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High-fibre diet may help protect against rheumatoid arthritis

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People who eat fibre-rich foods such as muesli may have better bone health and a lower risk of autoimmune diseases such as rheumatoid arthritis.

A study published in the journal Nature Communications has shown that a fibre-rich diet can have a positive influence on chronic inflammatory joint diseases, leading to stronger bones.

Researchers at Germany’s Friedrich-Alexander-Universität Erlangen-Nürnberg focused on the short-chain fatty acids propionate and butyrate, which are formed during the fermentation processes caused by intestinal bacteria. These fatty acids can be found in the joint fluid and it is assumed that they have an important effect on the functionality of joints.

The study showed that a healthy diet rich in fibre can change the intestinal bacteria in such a way that more short-chained fatty acids, in particular propionate, are formed. The researchers identified a higher concentration of short-chained fatty acids, for example in bone marrow, where propionate caused a reduction in the number of bone-degrading cells, slowing down bone degradation.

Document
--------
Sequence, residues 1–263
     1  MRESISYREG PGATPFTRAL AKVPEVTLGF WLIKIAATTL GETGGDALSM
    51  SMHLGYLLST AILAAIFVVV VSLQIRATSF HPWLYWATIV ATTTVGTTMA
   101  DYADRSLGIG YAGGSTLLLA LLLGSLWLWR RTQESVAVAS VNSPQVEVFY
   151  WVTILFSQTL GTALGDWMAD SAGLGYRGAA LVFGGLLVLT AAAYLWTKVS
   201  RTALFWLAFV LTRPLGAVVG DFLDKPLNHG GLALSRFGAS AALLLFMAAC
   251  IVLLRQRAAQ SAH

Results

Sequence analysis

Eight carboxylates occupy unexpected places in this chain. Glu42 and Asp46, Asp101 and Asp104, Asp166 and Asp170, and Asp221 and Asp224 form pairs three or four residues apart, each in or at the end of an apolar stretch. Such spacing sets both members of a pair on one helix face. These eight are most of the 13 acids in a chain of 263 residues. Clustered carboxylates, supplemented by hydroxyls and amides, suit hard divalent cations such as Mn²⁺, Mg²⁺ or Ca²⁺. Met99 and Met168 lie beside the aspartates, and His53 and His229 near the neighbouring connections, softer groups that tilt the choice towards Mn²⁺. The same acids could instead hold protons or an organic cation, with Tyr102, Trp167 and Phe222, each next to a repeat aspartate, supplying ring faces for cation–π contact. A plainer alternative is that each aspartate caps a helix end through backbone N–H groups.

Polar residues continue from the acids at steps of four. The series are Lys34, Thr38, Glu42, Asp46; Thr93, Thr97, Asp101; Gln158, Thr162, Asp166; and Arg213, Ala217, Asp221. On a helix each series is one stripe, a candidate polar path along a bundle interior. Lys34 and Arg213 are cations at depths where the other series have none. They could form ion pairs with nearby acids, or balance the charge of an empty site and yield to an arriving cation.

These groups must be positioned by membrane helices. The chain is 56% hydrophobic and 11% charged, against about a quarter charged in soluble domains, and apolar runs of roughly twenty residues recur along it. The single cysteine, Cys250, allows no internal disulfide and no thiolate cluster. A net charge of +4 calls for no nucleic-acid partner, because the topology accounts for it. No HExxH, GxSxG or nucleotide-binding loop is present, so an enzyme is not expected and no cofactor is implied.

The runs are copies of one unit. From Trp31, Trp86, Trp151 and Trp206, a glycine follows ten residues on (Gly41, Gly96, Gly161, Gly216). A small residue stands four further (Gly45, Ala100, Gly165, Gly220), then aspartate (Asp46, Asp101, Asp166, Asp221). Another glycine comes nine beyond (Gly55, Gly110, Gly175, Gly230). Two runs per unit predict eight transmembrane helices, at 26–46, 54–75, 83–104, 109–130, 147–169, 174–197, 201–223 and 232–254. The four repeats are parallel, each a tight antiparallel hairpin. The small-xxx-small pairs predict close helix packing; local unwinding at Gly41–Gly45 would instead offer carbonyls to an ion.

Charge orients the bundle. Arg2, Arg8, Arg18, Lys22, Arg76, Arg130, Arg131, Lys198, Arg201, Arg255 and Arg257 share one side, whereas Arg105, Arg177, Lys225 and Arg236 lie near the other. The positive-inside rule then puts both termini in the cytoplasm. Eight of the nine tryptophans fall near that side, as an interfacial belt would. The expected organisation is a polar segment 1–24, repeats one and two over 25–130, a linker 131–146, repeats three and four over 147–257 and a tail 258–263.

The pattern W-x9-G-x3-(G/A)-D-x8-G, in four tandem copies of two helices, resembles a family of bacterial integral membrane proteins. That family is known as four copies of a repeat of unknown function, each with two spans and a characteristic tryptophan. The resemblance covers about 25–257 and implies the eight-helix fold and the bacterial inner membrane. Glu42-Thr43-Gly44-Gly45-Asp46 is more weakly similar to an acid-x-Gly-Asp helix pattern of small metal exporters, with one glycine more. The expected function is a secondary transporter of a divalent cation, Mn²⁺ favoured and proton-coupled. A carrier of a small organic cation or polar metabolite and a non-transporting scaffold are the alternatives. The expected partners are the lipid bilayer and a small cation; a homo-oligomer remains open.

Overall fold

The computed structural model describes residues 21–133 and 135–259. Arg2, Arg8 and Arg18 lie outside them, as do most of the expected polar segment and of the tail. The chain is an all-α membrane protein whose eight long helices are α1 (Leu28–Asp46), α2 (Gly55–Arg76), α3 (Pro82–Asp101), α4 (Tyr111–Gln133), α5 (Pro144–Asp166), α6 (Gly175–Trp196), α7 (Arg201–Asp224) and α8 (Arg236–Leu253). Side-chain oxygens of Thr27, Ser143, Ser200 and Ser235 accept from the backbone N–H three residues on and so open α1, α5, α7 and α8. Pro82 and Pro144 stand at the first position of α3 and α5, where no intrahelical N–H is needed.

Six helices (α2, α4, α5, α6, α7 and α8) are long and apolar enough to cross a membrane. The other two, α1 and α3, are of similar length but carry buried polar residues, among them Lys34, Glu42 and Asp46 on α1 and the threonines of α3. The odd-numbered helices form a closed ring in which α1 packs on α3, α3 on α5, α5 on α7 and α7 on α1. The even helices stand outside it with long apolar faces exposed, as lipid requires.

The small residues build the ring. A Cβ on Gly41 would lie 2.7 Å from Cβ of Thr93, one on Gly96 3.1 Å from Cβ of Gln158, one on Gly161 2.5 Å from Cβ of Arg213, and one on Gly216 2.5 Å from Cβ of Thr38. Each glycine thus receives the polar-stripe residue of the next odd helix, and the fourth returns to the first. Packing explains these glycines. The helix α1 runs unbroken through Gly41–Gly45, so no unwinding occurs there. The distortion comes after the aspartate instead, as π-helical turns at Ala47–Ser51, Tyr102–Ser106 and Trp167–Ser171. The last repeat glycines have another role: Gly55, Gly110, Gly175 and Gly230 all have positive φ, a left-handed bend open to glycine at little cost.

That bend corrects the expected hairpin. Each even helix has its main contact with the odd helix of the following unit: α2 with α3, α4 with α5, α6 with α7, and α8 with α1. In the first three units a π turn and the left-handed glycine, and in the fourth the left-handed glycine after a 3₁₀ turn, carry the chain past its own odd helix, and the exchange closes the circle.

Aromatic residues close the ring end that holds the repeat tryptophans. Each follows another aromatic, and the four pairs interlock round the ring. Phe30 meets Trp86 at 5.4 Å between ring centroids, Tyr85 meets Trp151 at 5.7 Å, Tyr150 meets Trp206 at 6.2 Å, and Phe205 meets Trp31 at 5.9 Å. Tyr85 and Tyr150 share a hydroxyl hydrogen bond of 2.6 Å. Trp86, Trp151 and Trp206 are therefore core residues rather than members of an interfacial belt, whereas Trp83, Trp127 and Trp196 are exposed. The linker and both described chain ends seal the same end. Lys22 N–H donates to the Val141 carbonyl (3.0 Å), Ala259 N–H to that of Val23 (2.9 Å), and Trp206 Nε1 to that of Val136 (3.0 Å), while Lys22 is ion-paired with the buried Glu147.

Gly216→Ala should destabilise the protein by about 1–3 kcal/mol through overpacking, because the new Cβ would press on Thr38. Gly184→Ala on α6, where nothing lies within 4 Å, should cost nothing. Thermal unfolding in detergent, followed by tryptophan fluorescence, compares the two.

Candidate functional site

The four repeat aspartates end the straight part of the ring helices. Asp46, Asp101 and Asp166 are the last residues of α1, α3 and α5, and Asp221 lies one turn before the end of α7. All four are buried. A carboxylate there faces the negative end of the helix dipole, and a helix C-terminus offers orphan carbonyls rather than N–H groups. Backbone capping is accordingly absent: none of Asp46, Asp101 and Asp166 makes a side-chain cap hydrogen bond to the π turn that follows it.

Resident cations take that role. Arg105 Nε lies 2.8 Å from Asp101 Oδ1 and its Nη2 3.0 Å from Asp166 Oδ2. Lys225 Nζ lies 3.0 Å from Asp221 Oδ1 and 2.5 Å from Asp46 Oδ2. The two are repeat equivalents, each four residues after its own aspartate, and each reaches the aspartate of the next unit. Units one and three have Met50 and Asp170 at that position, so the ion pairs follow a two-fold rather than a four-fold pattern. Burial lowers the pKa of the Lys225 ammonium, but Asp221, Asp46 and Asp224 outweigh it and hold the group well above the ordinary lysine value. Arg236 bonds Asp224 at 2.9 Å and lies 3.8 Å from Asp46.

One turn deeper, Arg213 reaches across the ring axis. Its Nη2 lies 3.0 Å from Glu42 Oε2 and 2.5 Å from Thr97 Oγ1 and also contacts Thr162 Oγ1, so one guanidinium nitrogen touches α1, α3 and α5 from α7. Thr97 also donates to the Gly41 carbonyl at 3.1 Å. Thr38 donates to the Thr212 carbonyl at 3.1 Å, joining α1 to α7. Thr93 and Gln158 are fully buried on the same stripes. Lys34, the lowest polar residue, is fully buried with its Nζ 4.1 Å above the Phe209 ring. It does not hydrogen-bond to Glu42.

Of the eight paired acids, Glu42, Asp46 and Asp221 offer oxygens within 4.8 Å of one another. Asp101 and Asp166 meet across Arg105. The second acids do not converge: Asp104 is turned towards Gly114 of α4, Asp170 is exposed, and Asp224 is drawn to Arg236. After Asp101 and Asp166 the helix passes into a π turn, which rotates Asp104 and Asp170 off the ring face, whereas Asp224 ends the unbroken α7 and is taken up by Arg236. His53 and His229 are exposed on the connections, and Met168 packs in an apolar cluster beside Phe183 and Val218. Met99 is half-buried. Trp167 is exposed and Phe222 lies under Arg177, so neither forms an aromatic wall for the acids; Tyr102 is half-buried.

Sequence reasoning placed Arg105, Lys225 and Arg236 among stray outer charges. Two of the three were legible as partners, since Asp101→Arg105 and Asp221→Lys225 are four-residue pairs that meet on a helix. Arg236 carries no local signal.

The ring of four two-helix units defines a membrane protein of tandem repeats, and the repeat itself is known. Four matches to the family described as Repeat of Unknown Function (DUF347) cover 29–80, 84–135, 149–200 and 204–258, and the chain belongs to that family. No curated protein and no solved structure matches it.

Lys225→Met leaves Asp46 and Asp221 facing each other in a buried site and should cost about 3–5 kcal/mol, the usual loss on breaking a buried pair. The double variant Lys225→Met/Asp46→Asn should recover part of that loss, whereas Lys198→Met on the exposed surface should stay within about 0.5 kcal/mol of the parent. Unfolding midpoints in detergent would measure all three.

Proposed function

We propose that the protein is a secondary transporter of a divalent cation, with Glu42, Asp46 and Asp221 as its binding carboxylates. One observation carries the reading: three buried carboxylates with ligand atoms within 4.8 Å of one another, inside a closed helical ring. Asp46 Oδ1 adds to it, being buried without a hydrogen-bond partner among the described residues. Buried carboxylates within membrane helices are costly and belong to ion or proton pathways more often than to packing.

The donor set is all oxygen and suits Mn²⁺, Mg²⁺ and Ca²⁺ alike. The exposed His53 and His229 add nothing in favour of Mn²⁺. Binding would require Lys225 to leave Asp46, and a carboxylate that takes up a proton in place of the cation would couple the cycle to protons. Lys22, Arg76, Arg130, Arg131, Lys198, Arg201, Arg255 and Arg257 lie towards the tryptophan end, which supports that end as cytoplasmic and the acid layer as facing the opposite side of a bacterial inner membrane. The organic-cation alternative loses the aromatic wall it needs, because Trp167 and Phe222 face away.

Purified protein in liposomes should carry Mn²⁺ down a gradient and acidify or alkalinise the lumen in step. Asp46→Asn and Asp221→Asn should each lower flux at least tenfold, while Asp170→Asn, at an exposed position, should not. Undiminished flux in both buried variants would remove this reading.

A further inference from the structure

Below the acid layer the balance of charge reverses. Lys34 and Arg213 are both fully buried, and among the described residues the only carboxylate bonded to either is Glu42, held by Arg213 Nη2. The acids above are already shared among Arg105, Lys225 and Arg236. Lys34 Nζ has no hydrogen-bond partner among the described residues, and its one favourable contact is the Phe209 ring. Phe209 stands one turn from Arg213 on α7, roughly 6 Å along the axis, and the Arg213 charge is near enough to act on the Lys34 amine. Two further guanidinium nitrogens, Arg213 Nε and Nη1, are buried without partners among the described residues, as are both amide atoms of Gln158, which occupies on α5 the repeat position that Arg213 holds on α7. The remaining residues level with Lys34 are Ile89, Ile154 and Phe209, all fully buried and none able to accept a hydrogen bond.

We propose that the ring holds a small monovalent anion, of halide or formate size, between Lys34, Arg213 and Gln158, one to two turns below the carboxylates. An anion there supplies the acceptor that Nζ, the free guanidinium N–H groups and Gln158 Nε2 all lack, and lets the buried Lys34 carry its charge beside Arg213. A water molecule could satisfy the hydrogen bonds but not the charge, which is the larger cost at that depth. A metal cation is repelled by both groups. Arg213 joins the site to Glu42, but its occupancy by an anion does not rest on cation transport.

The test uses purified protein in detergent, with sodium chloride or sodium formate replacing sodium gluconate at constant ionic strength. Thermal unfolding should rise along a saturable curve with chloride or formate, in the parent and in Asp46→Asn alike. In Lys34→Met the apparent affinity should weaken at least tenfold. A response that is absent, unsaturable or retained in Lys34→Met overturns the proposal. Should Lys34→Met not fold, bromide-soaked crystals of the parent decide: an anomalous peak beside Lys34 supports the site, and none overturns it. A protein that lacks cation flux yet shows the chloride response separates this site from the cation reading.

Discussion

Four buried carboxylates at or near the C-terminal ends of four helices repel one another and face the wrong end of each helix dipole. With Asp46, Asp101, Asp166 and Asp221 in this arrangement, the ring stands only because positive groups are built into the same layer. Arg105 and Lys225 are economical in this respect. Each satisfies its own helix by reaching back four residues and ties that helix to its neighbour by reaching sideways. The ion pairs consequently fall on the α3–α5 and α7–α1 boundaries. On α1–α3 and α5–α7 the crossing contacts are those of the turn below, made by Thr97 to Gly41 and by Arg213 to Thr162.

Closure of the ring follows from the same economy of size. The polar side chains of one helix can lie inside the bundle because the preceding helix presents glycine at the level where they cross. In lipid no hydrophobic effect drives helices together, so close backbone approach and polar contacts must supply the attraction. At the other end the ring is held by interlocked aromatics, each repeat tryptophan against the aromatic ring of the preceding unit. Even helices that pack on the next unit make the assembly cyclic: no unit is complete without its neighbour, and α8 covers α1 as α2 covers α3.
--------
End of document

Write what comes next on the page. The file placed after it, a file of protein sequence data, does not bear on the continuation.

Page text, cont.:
Propionate has been in use as a preservative in the baking industry since the 1950s and has been approved as a food additive according to EU guidelines.

“We were able to show that a bacteria-friendly diet has an anti-inflammatory effect, as well as a positive effect on bone density,” explained Dr Mario Zaiss, leader of the team behind the study. “Our findings offer a promising approach for developing innovative therapies for inflammatory joint diseases as well as for treating osteoporosis, which is often suffered by women after the menopause. We are not able to give any specific recommendations for a bacteria-friendly diet at the moment, but eating muesli every morning as well as enough fruit and vegetables throughout the day helps to maintain a rich variety of bacterial species.”